Startups must originate with two key components: 1) an entrepreneur, 2) a product idea. Too often, entrepreneurs have fantastic product concepts but fail to consider requirements to commercialize the product. The early days of developing a business should include development of a quality business plan. This includes the business structure, financial requirements, proposed expenditures, milestones, and commercialization strategy. Failure to develop the business model early enough leaves too many pitfalls for the entrepreneur.
Many times in extended diligence reviews, the entrepreneur is ultra-excited about the product. They feel the product will sell itself and simply making it and being first on the market is enough to be the dominate player. This “build it and they will come” attitude is common but, many times the buyers or users do not show up. Building a successful company requires strategic planning and thinking about all aspects of the business and identifying weak areas and plans to resolve those weaknesses.
There are many considerations, but a few thoughts to discuss with your team are:
Users: Who are the real users and why do they want your product or service? You may feel they cannot live without it, but keep in mind they have been without it already. Find a way to conduct a survey of prospective users. The information should help identify the users desires, likes, and/or dislikes about your product. Such premarket surveys can occur via questionnaires or meetings. Get to know your potential users’ likes, wants, and needs. Use the info to improve your product and marketing plans.
Market Size: Once you identify the users and the prospects of their adopting your product, you can develop the size of market. Perhaps, only 25% of the users would readily adopt the product. If these people are scattered all over the world, how will you make them aware of what you have. In many cases, the ramp rate of the product is calculated using a projected adoption rate. The estimated market and adoption rates will allow you to estimate your sales growth and market capture. While only 25% would consider adopting the product, perhaps only half of them would really be buyers.
Marketing: How do you plan to make your users aware of the offering? Simply putting up a website may result in an extremely slow ramp rate. Perhaps it the company would never sell enough products to reach cash flow positive. If your prospective customers are scattered all over the world, it may be difficult to market to them at a reasonable cost. Perhaps your users read a single news site, business journal, or magazine. Well-placed ads may be an important piece of your marketing. Conventions where your users frequently attend can allow direct meetings to market product. Keep in mind that in the launch period there are no revenues. Costs are a concern and mass media marketing campaigns are expensive. It is important to understand your market, how to reach the users, and to develop the least costly means of selling the products to them.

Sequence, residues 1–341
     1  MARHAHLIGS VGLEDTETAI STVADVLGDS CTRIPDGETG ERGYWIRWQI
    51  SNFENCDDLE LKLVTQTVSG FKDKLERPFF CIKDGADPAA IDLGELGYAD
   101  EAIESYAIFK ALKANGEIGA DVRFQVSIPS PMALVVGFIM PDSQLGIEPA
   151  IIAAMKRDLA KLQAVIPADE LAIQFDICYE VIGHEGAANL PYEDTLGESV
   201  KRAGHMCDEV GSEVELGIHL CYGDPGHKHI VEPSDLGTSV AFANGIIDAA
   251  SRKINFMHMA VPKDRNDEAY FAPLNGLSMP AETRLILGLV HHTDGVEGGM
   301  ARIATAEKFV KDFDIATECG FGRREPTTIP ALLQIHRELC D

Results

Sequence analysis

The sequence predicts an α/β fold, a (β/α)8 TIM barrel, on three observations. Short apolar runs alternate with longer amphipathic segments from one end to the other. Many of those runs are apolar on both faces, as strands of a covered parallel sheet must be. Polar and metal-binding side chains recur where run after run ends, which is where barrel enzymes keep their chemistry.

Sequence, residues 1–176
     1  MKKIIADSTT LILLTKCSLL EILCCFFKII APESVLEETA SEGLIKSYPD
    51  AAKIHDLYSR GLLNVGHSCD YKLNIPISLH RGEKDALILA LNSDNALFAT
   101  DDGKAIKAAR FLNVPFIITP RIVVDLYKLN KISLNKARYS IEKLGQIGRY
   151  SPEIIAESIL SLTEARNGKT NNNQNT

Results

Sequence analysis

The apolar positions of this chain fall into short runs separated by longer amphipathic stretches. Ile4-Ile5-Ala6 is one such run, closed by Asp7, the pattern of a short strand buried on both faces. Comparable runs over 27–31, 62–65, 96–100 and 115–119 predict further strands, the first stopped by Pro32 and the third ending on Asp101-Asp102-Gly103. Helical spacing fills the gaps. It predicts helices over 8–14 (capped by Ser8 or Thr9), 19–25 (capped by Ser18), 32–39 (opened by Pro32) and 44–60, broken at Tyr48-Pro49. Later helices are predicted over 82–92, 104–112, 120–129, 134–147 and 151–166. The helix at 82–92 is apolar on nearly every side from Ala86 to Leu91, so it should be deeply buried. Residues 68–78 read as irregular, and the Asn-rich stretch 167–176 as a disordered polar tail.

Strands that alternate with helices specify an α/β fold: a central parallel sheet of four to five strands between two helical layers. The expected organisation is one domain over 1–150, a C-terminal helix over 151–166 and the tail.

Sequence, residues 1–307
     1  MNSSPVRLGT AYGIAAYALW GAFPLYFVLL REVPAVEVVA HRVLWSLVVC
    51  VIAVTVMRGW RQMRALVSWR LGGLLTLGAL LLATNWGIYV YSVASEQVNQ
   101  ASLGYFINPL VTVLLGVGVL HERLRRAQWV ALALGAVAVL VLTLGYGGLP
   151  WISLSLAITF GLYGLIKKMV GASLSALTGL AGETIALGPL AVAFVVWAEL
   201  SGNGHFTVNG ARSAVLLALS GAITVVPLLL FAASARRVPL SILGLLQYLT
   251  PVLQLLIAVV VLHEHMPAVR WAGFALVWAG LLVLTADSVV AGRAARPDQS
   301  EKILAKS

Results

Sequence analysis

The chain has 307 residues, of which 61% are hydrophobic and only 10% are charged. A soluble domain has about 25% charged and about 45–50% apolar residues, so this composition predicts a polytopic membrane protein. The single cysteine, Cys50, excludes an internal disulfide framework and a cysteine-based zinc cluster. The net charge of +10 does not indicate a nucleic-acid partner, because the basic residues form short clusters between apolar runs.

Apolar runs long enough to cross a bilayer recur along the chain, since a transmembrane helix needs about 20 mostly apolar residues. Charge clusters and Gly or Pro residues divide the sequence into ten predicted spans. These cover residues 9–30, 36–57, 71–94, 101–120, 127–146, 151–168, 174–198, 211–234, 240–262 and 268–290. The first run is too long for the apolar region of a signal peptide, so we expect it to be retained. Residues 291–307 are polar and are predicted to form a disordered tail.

Sales: All too often, a sales force is required. Knowing the number of times a sales call is needed to get a conversion is important to identifying the number of sales staff required. The number of offices sales staff must visit is the other important piece of the puzzle. If your users are located in 3,000 offices in the USA, the offices may have aggregates of the users. For example, assume the total users are 10,000 and they all reside in the 3,000 offices. This means a single office call could allow for direct contact with 3 or more users. Sometimes, 60% of sales occur in only 40% of offices. This would imply only 1,200 office visits may allow for capture of 60% of the market. Knowing the number of times a visit is required can help estimate the size of the required sales team.
In short, selling a product requires extensive planning in order to capture the market. Constant assessment of progress during and after the product launch will ensure timely execution of any necessary adjustments. “Build it and they will come” is not a strategy or a plan it is a movie. If you want to make money, PLAN FOR SUCCESS AND DEVELOP A REAL BUSINESS STRATEGY!
You can follow Taffy Williams on Twitter by @twilli2861 and you can email him with questions at email@example.com or contact him via company contact info in the website. More Startup information is contained in his personal blog.